G. K. Chesterton is uncomfortable with both pessimism and optimism in the way that they are commonly defined. This is not such a novel view since we all assume that there is a “middle way” between the despair of the pessimist and the naivete of the optimist. Chesterton’s real insight is that the real problem with both the optimist and the pessimist is that each comments on the universe as a critic, as one looking over a piece of art in a gallery. A critic is one who, supposedly, critiques something from the outside as a “impartial observer”; but such an idea is ludicrous when critiquing the cosmos. We cannot stand outside of the universe and judge it impartially, for we are a very part of this universe. There is no outside of all that is.
Chesterton says that his attitude towards the cosmos is not something akin to pessimism or optimism, but rather patriotism. In Orthodoxy (GKC Collected Works Vol. 1, Ignatius, 1986) he writes:
Whatever the reason, it seemed and still seems to me that that our attitude towards life can be better expressed in terms of a kind of military loyalty than in terms of criticism and approval. My acceptance of the universe is not optimism, it is more like patriotism. It is a matter of primary loyalty. The world is not a lodging-house at Brighton, which we are to leave because it is miserable. It is the fortress of our family, with a flag flying on the turret, and the more miserable it is the less we should leave it. The point is not that this world is too sad to love or too glad not to love; the point is that when you do love a thing, its gladness is a reason for loving it, and its sadness a reason for loving it more…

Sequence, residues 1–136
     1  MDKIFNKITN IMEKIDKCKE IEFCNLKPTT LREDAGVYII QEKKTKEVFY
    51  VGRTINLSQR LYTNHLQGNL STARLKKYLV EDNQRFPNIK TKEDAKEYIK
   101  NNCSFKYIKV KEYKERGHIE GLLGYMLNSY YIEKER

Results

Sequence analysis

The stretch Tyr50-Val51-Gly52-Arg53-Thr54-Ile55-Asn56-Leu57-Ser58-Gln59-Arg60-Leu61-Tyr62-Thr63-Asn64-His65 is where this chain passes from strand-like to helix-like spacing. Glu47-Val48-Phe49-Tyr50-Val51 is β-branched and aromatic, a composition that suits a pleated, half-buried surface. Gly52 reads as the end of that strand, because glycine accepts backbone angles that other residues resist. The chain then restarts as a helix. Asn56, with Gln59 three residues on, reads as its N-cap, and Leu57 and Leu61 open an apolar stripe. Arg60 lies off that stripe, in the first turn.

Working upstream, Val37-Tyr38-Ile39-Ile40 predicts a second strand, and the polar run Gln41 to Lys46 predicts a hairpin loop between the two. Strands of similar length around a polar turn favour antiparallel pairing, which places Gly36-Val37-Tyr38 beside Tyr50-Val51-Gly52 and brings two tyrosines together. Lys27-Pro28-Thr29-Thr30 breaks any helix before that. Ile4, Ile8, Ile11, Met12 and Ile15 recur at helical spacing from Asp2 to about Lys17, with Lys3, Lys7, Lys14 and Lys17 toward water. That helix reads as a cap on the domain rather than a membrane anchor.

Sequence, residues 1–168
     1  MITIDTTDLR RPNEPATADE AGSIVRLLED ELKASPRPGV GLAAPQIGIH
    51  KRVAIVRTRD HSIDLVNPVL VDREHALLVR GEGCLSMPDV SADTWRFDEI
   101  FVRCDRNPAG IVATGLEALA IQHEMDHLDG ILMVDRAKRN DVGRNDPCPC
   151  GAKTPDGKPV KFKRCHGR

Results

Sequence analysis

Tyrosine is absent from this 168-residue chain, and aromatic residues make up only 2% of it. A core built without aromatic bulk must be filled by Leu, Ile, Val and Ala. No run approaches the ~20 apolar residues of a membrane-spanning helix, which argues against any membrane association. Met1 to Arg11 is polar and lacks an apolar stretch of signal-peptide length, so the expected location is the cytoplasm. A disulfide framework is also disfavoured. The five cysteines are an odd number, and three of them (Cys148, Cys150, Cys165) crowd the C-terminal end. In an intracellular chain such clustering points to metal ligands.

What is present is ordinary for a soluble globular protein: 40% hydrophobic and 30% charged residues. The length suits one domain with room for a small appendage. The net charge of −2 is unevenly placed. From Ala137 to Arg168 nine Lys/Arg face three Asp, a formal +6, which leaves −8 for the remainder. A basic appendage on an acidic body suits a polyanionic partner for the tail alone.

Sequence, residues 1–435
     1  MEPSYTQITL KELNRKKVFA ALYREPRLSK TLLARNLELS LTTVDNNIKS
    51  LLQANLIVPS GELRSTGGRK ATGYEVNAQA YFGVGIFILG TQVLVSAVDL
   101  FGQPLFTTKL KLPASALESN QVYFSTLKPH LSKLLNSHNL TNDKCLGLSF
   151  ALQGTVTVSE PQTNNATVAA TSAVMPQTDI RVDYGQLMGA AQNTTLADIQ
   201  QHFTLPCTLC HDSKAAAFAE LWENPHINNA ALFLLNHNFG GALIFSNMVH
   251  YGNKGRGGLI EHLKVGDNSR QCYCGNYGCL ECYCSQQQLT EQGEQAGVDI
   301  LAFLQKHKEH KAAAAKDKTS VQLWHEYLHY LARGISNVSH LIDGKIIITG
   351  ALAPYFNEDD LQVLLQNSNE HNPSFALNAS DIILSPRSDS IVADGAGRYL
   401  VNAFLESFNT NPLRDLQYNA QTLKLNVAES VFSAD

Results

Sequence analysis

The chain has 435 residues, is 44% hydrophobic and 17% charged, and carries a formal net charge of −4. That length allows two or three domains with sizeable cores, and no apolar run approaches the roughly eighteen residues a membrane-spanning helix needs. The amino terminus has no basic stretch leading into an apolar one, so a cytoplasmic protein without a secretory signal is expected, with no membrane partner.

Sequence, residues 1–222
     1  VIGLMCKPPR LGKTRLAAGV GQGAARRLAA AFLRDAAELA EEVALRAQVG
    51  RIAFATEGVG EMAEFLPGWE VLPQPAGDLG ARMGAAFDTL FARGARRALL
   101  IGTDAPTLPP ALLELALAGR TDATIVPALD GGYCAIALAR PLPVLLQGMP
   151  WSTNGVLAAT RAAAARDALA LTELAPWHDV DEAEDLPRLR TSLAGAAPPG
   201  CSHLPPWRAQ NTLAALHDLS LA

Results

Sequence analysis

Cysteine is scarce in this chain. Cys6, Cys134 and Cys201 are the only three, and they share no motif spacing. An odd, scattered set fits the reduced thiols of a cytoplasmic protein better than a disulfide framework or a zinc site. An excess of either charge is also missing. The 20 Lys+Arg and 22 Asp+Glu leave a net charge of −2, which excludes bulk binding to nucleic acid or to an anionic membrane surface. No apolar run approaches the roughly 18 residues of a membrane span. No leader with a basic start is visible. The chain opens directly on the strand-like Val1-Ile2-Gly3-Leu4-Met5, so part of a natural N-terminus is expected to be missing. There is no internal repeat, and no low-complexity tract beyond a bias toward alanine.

Let us suppose we are confronted with a desperate thing – say Pimlico. If we think what is really best for Pimlico we shall find the thread of thought leads to the throne of the mystic and the arbitrary. It is not enough for a man to disapprove of Pimlico; in that case he will merely cut his throat or move to Chelsea. Nor, certainly, is it enough for a man to approve of Pimlico; for then it will remain Pimlico, which would be awful. The only way out of it seems to be for somebody to love Pimlico; to love it with a transcendental tie and without any earthly reason. If there arose a man who loved Pimlico, then Pimlico would rise into ivory towers and golden pinnacles… If men loved Pimlico as mothers love children, arbitrarily, because it is theirs, Pimlico in a year or two might be fairer than Florence. Some readers will say that this is mere fantasy. I answer that this is the actual historyof mankind. This, as a fact, is how cities did grow great. Go back to the darkest roots of civilization and you will find them knotted round some sacred stone or encircling some sacred well. People first paid honour to a spot and afterwards gained glory for it. Men did not love Rome because she was great. She was great because they had loved her.